How Scaling Side Lengths Changes the Volume of Rectangular Prisms 04:33 minutes
<b>Learn with fun & improve your grades
Start your FREE trial now and get instant access to this video and...
study at your own pace — with more videos that break down even the most difficult topics in easy-to-understand chunks of knowledge.
increase your confidence in class — by practicing before tests or exams with our fun interactive Practice Problems.
practice whenever and wherever — Our PDF Worksheets fit the content of each video. Together they create a well-round learning experience for you.
Transcript How Scaling Side Lengths Changes the Volume of Rectangular Prisms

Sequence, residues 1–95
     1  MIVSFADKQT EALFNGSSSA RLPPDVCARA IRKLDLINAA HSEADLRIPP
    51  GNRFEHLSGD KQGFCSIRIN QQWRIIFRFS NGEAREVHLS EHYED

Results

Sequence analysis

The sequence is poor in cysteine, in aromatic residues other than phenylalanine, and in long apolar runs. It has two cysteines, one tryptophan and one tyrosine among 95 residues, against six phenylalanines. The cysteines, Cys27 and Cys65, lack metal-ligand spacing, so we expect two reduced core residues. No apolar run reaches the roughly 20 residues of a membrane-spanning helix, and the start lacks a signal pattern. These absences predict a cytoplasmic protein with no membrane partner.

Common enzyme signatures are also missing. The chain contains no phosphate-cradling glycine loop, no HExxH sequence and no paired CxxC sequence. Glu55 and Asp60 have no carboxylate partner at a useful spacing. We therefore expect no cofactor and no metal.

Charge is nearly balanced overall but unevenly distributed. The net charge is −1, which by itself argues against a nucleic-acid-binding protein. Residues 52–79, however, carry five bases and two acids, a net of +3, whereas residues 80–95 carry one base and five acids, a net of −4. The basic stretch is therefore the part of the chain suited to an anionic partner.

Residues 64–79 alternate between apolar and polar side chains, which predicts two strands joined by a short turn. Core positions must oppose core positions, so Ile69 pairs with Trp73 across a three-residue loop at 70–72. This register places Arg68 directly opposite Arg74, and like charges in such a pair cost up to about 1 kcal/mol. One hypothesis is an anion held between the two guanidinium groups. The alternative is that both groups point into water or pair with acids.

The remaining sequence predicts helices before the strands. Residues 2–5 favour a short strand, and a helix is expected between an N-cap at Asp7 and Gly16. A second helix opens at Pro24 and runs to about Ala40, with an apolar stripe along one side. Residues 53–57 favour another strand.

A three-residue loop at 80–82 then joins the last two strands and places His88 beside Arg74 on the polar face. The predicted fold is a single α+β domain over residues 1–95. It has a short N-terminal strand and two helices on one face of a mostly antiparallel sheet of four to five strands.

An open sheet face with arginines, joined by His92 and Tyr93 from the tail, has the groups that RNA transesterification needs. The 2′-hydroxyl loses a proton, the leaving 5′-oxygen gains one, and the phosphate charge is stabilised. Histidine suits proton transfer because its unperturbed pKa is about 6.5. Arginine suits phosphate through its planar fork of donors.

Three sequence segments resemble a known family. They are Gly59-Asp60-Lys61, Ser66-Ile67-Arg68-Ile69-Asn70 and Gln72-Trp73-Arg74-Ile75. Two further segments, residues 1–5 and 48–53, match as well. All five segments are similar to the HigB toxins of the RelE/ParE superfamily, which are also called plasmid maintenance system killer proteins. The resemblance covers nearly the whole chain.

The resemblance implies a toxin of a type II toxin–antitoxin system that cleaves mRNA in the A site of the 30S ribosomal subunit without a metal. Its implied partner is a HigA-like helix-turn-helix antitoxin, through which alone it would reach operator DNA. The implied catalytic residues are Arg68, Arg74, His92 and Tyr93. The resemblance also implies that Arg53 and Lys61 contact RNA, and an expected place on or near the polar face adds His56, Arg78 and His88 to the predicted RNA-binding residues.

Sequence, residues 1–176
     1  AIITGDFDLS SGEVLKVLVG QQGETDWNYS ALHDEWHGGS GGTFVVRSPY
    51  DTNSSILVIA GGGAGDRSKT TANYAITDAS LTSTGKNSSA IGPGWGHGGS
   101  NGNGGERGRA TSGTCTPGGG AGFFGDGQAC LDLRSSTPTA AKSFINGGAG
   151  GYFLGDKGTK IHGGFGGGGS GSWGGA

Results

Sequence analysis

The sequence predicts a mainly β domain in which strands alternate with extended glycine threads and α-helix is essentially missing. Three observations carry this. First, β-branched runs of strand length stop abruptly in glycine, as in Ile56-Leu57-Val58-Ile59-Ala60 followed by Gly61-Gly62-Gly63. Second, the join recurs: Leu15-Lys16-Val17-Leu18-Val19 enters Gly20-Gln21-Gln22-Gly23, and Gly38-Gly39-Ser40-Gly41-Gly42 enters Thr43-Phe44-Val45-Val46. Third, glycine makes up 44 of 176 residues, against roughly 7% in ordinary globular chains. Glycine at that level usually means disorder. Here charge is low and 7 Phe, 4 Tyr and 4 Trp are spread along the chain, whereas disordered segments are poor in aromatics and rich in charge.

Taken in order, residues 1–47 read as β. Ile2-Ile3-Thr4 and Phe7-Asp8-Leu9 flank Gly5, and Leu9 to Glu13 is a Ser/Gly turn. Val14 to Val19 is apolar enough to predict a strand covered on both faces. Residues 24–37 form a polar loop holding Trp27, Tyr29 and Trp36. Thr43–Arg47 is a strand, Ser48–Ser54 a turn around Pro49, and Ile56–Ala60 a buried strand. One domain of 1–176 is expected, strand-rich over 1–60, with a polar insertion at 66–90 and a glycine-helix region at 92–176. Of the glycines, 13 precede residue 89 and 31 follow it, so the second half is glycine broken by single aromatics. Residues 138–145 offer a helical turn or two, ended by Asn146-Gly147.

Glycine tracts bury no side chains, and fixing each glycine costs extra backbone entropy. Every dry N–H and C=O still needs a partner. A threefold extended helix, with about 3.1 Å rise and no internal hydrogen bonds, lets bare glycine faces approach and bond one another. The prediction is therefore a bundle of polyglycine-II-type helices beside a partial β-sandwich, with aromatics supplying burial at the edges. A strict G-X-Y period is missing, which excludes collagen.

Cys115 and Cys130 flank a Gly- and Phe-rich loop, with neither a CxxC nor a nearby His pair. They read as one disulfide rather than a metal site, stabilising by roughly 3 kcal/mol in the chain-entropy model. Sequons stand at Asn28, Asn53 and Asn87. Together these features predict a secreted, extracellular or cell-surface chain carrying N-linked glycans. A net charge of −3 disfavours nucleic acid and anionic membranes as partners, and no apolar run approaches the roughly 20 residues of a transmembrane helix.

Morton is an up and coming stamp collector who's making an impression. He's been invited to present his stamps at a conference in Berlin, Germany! He's going to fly overseas for the very first time. Morton is shocked by the high baggage check fees. But Morton has a clever way to avoid the high costs. His luggage can adjust in size! In order to make sure his luggage is just the right size Morton will need to scale the side lengths to change the volume of a rectangular prism. To begin with, Morton's bag is 24 inches long, 12 inches wide, and 15 inches tall. What's the volume of Morton's bag? The volume is length times width times height. That's 24 times 12 times 15. That might not be enough! Morton is considering bringing his entire stamp collection to Berlin. In that case, he can enlarge his bag by doubling the dimensions. How would that affect the volume? The dimensions of the enlarged bag are 2 times 24, by 2 times 12, by 2 times 15. The volume is the product of these new dimensions. Multiplying everything together, the result is 34,560 inches cubed! Even though we only doubled the dimensions, that's a lot bigger than the volume of the original! What happened? Let's look again at our calculation of the enlarged volume. We multiplied each dimension of the original bag by 2. Let's group those together and multiply them to get 2 cubed. So the volume of the enlarged bag is 2 cubed times the original volume. So the volume of the enlarged bag is 2 cubed times V. If we multiply each dimensions of the prism by 2, the volume increases by a factor of 2 cubed. And that's why the volume of the enlarged bag is so much bigger than the original. Morton can fit his entire stamp collection in the enlarged bag, but the plane will charge him an arm and a leg! Morton stamps out that idea. Instead, he'll reduce the bag's dimensions, and take only the most valuable stamps with him. Remember that the dimensions of the original are 24 by 12 by 15. Morton wants to reduce the bag by one-third. That means each dimension gets multiplied by one-third. What's the volume of the reduced bag? It's one-third times 24 by one-third times 12 by one-third times 15. A third of 24 is 8, a third of 12 is 4, and a third of 15 is 5. So the volume of the reduced bag is only 160 cubic inches! Why so tiny? Let's look again at our calculation of the reduced volume. Each dimension was multiplied by one-third. Grouping them as before shows us that the volume of the reduced bag is one-third cubed times the volume of the original. So the volume of the reduced bag is one-third cubed times V. This tiny bag gets Morton's stamp of approval! Let's review how scaling the dimensions of a prism affected the volume. When we scaled the dimensions by 2 the volume was 2 cubed times the original. When we scaled the dimensions by one-third the new volume was one-third cubed times the original. In general, if each dimension is scaled by a factor of 'k', the new volume is 'k' cubed times the original volume. The scale factor can be any real number greater than 0. Morton and his precious cargo arrive in Berlin! Morton waits anxiously to collect his tiny bag of rare stamps. Oh no! I guess the customs' officials want to stamp their impression on Morton's collection!